Consider some of the lesser known Founders, as noted by David Barton: “Charles Pickney and John Langdon—founders of the American Bible Society; James McHenry—founder of the Baltimore Bible Society; Rufus King—helped found a Bible society for Anglicans; Abraham Baldwin—a chaplain in the Revolution and considered the youngest theologian in America; Roger Sherman, William Samuel Johnson, John Dickinson, and Jacob Broom—also theological writers; James Wilson and William Patterson—placed on the Supreme Court by President George Washington, they had prayer over juries in the U.S. Supreme Court room; and the list could go on. This does not even include the huge number of thoroughly evangelical Christians who signed the Declaration or who helped frame the Bill of Rights.” I think Mr. Turner should be more careful than to make such sweeping statements that would label men such as these to be deists, agnostics, or Unitarians.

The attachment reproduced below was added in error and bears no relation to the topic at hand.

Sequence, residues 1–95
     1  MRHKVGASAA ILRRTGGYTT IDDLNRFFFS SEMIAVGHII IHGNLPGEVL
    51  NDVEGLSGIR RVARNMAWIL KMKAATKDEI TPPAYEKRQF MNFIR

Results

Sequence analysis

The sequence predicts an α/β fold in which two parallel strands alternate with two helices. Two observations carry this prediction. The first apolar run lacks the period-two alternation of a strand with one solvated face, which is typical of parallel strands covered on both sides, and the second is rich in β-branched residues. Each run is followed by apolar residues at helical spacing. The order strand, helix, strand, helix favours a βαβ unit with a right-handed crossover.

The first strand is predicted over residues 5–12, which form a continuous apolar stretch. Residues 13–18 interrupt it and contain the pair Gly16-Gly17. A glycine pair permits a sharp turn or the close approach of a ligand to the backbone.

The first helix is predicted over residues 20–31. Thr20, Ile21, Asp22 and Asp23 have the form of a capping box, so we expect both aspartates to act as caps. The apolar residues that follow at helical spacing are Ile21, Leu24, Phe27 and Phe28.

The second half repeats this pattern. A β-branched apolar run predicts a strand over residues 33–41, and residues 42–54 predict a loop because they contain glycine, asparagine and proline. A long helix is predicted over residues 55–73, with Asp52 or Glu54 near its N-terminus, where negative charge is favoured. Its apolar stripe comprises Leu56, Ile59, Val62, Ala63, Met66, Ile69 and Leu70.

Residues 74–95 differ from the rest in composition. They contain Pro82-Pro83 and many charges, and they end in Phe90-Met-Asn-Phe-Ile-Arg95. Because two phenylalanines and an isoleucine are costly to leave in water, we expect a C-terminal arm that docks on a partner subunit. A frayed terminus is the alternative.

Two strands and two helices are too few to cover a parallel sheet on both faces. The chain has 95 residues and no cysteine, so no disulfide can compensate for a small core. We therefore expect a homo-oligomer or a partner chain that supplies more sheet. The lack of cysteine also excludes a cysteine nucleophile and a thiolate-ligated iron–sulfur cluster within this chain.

I’ll end with a quote from Mr. Turner’s favorite Founder, Thomas Jefferson: “Ignorance is preferable to error; and he is less remote from the truth who believes nothing, than he who believes what is wrong.”